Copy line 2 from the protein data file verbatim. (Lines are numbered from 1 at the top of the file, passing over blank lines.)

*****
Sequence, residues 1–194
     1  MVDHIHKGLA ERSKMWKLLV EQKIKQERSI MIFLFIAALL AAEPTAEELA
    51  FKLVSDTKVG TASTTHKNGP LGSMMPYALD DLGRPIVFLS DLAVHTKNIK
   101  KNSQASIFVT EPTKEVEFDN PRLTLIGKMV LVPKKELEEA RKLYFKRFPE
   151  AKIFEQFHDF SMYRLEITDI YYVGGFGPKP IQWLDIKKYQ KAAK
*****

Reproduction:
     1  MVDHIHKGLA ERSKMWKLLV EQKIKQERSI MIFLFIAALL AAEPTAEELA